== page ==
5. The looting loopiness

As usual in the aftermath of these events, there were a few individuals who salvaged goods from the wreckage; a scant handful of them may have created some additional wreckage in order to obtain salvage. But the number was incredibly small, especially when you consider that Houston has a population of over 6.5 million.  Nonetheless, right-wing news outlets tried to create the impression that a widespread plague of looting was descending upon the soggy city — and that the perpetrators were all rather dark-skinned. Well, perhaps the latter point is important, since it’s often skin tone that determines whether an act of salvage is designated as “looting” or merely “finding”.

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6. Not good

Ah, but it’s been a couple of minutes already since we’ve said anything about the guy in the White House. We certainly don’t want him to feel neglected — he might develop a fragile ego or something. So how about another one of his verbal gems.

{Hurricane Irma) looks like it could be something that will be not good.

7. All a matter of branding

And while we have him in front of the mic, let’s let him muse about the things he considers most crucial at this juncture.

If you talk about branding, no brand has improved more than the United States Coast Guard.

8. Who needs science? We got slogans

Scientists have an annoying habit of providing facts that don’t support people’s ideologies. And thus it was that they reported climate change was apparently a factor that worsened these storms. But of course the punditocracy would have none of it.  They reminded us that climate change is nothing but a librul conspiracy in order to convince people to… well, do something (read, maybe?). And them librulz just love catastrophic weather because it helps them promote their heinous agenda (like scientific literacy, maybe?). One perennially flatulent radio talk show personality whose name rhymes with “hush” not only made this proclamation, but also proclaimed that scientists and “lubberals” were crying wolf over the impending Hurricane Irma — just before he evacuated his Florida home in order to keep his smug ass from being blown away by a nonexistent hurricane.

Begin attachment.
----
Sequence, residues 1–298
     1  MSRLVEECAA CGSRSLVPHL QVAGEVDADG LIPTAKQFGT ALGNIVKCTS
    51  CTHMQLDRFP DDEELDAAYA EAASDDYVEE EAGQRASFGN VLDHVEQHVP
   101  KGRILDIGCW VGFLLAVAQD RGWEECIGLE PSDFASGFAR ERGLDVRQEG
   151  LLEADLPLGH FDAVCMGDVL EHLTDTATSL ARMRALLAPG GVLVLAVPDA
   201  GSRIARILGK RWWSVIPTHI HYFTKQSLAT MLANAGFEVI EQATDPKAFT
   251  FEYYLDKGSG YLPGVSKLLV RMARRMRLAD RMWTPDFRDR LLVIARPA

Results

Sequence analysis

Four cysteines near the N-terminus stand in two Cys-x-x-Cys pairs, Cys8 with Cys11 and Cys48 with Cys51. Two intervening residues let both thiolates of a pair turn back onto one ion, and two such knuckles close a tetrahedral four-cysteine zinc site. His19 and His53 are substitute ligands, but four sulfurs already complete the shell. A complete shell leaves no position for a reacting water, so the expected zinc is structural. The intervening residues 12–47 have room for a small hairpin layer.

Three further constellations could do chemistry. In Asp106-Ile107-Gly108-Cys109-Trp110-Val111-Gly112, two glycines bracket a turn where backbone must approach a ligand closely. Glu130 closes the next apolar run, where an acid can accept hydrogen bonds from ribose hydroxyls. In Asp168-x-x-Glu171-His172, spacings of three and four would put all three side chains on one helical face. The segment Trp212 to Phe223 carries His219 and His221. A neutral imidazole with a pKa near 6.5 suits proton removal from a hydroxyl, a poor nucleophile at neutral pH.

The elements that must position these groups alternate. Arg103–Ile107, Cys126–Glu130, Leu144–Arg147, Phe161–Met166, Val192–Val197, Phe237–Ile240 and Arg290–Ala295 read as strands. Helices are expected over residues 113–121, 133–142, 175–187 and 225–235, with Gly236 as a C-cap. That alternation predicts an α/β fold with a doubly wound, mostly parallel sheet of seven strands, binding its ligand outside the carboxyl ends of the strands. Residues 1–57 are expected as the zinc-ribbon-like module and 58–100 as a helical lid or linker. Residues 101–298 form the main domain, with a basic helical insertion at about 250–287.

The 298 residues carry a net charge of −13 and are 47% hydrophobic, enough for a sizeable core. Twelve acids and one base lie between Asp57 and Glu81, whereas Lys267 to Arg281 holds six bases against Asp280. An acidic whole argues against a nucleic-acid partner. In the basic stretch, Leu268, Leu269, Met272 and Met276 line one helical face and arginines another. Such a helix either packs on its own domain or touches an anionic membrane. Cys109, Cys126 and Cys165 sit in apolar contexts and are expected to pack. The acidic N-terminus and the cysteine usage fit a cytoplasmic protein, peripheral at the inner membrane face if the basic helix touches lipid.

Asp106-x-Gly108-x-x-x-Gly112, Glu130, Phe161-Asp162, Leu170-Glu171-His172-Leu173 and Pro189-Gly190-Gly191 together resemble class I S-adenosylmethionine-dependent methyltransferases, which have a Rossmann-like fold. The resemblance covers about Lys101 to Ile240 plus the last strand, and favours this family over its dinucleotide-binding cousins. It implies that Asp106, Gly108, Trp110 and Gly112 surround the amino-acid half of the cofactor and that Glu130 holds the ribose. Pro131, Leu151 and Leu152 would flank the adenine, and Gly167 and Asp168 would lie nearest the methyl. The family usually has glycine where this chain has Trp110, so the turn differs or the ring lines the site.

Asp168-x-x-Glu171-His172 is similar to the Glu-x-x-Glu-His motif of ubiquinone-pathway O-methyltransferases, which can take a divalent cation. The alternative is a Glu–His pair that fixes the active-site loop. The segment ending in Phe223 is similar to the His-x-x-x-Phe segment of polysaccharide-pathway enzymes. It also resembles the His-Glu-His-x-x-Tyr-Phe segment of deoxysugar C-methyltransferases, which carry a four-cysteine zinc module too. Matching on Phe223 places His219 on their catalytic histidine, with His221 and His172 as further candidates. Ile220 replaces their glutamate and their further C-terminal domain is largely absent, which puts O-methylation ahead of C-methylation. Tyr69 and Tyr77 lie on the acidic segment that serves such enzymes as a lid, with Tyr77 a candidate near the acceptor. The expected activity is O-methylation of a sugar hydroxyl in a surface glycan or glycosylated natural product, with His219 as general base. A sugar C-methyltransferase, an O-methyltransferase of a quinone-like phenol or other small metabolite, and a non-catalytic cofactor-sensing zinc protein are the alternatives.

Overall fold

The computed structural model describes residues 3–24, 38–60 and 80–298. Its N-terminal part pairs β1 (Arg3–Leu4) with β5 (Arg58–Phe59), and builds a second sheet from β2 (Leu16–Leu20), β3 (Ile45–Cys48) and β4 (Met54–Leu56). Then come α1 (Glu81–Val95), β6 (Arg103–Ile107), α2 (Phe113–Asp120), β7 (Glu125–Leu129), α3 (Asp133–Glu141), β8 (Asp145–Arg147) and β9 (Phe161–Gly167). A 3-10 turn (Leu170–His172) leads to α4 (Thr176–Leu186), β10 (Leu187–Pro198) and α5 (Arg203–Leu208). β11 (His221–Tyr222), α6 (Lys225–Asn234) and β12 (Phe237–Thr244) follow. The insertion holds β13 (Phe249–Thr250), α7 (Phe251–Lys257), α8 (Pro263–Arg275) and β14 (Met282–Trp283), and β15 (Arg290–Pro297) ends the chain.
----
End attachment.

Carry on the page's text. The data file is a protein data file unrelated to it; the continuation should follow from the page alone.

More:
9. Okay gang, don those tinfoil hats

Not only do they believe that them librulz love deadly hurricanes, many of them believe that them librulz and their evil accomplices (i.e. scientists) actually create them through geoengineering. More than one nutjob floated this idea in the media — including at least one from whom the putative president acquires much of his “information”.

10. Evangelical Eschatological Ecstasy

Of course, there’s also another factor they point a finger to. Just when you thought Christian arrogance had already reached its nadir, a bunch of folks start declaring that these hurricanes never would have happened if only people prayed more. These biblical scholars apparently never heard of a character called Job. In any case, they are divided into two schools of “thought”: those who think the destruction is a bad thing because it means the nation has turned away from God; and those who believe it’s a good thing because it mirrors biblical “prophecy” about the approaching end of the world.  Quite often, these schools of “thought” are both present within the skull of the same fundamentalist. Some of them even added for good measure that the hurricanes are punishment for taking down Confederate statues, which God apparently really wants to keep standing to pay tribute to His holy cause of slavery.